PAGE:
So, wait - have none of you guys (Pedro, Joker, Cecil) read Glamorama? I cannot, cannot recommend it strongly enough. If you like Ellis, I think this really is the pinnacle of his style and vision. It's epic, man. So cold, so violent, so funny, so detatched, and yet ultimately really beautiful. Plus it's got a massive movie metaphor running through the whole thing.

I've cut/pasted a few quotes to try to entice you into making it the next book you read...

I'm just staring at nothing or what I imagine is nothing until I'm finally moved to say, "As a general rule you shouldn't expect too much from people, darling," and then I kiss her on the cheek.
"I just had my makeup done, so you can't make me cry."

"I am so tired of looking at that empty expanse that's supposed to be your face-"

"A smart suit," she sighs. "Being buff. A cool haircut. Worrying about whether people think you're famous enough or cool enough or in good enough shape or . . . or whatever." She sighs, gives up, stares at the ceiling. "These are not signs of wisdom, Victor," she says. "This is the bad planet."

She waves me away. "Animals need as much love and respect and care as we give people."
I consider this. I think about all the things I've seen and done, and I consider this.
"I think they're better off without that, baby," I say. "In fact I think they're doing okay."

"My motto is: the better you look, the more you see."

Sinead O'Conner was singing "The Last Day of Our Aquaintance" and it was either 11:00 or 1:00 or maybe it was 3:15. A big murder trial was going on that week in which the defense convinced me that the victim - a seventeen-year-old-girl fatally beaten by her drunken father - was actually guilty of her own death. Mermaids had been spotted during a swim before dawn.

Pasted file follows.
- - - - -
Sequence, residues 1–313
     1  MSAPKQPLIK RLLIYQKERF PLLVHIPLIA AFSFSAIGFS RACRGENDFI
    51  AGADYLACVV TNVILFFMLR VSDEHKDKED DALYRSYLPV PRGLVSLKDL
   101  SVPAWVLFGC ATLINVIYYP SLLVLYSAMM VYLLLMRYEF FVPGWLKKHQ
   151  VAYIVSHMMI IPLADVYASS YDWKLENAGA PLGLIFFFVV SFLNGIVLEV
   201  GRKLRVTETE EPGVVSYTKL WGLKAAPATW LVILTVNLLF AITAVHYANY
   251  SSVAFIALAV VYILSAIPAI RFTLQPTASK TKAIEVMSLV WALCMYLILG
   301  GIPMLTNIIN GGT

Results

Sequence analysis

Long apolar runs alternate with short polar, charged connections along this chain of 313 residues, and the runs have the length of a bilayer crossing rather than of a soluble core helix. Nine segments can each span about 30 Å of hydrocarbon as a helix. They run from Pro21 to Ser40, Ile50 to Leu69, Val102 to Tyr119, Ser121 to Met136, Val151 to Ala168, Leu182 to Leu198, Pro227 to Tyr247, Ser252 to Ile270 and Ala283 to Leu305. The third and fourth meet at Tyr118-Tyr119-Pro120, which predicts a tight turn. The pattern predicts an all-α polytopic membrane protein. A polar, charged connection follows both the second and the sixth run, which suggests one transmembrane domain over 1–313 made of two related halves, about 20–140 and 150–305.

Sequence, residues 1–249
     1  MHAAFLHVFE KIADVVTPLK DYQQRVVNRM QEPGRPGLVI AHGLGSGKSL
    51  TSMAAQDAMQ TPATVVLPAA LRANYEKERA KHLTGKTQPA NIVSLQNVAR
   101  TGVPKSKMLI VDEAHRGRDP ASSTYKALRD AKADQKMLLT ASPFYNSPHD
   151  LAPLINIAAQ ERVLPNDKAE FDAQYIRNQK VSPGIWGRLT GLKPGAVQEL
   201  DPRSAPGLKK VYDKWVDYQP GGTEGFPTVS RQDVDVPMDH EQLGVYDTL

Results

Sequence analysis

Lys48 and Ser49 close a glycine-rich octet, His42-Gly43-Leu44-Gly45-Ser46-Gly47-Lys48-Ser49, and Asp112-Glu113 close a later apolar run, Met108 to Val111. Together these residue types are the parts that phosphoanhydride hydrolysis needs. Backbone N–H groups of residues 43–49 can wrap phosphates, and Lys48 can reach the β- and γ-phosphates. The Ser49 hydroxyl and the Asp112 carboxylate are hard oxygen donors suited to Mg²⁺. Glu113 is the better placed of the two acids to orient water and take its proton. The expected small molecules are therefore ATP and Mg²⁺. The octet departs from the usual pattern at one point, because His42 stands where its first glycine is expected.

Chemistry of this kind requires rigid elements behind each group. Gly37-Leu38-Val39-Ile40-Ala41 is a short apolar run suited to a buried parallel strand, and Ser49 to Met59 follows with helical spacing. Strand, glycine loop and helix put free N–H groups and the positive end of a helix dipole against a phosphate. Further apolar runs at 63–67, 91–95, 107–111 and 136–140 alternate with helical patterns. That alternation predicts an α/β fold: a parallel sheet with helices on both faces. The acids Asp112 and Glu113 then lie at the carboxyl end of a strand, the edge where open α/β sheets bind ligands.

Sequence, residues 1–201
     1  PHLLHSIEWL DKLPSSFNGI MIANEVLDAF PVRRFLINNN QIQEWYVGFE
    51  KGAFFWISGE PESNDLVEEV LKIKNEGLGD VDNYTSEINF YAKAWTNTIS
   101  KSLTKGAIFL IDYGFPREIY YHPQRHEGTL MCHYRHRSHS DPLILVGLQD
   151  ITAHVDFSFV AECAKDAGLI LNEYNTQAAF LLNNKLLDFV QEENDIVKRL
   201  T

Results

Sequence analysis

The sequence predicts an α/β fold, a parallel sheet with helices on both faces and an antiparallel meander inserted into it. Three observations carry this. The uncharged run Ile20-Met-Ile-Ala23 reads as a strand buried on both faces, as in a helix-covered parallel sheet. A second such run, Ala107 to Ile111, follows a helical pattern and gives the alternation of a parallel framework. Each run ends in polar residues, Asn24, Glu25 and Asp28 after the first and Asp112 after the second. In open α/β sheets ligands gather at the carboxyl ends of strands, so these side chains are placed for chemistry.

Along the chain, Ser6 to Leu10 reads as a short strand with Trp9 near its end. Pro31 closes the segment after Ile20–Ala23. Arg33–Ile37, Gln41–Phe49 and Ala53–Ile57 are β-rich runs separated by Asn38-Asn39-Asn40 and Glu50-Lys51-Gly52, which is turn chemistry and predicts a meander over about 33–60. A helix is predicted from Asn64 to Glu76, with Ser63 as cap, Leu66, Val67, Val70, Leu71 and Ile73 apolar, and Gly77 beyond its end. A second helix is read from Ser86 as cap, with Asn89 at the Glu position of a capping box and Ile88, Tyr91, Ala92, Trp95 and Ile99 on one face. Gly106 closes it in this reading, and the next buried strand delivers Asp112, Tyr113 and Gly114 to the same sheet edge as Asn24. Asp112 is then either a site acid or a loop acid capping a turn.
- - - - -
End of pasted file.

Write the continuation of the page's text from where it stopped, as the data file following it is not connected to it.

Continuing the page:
"Could you kill somebody?" I heard a voice ask.
A moment passed before another voice answered, "Yeah, I guess so."
"Oh, so what?" someone else answered.

(...Plus my signature) You guys must read it!
"Should I bring my own chains?"
"We always do..."

http://www.alternatetakes.co.uk/
http://thelesserfeat.blogspot.com/

Pedro

  • The Master of Two Worlds
  • *****
  • Posts: 1863
  • Respect: +68
    • Facebook:  Aaron Green
Re: Bret Easton Ellis
« Reply #20 on: June 17, 2003, 02:26:02 PM »
0
Quote from: children with angels
You guys must read it!

Next on my list  :-D

godardian

  • The Master of Two Worlds
  • *****
  • Posts: 3733
  • Respect: +6
    • Trappings
Re: Bret Easton Ellis
« Reply #21 on: June 17, 2003, 02:36:00 PM »
0
Quote from: jokerspath
Quote from: godardian
I loved the film of American Psycho, though I'm still nervous about reading the book.


Nervous about not liking it or nervous about it being too graphic?

By the way, has anyone read any Dennis Cooper, specifically Frisk?  That'd get my vote as most graphic material I've ever read...

aw


I've read quite a bit of Cooper... Wrong and Period and the essays/interviews. Not Frisk, though I have seen the pretty bad movie.
""Money doesn't come into it. It never has. I do what I do because it's all that I am." - Morrissey

"Lacan stressed more and more in his work the power and organizing principle of the symbolic, understood as the networks, social, cultural, and linguistic, into which a child is born. These precede the birth of a child, which is why Lacan can say that language is there from before the actual moment of birth. It is there in the social structures which are at play in the family and, of course, in the ideals, goals, and histories of the parents. This world of language can hardly be grasped by the newborn and yet it will act on the whole of the child's existence."

Stay informed on protecting your freedom of speech and civil rights.

jokerspath

  • The Meeting with the Goddess
  • ***
  • Posts: 390
  • Respect: 0
Re: Bret Easton Ellis
« Reply #22 on: June 17, 2003, 03:14:22 PM »
0
Quote from: godardian
Quote from: jokerspath
Quote from: godardian
I loved the film of American Psycho, though I'm still nervous about reading the book.


Nervous about not liking it or nervous about it being too graphic?

By the way, has anyone read any Dennis Cooper, specifically Frisk?  That'd get my vote as most graphic material I've ever read...

aw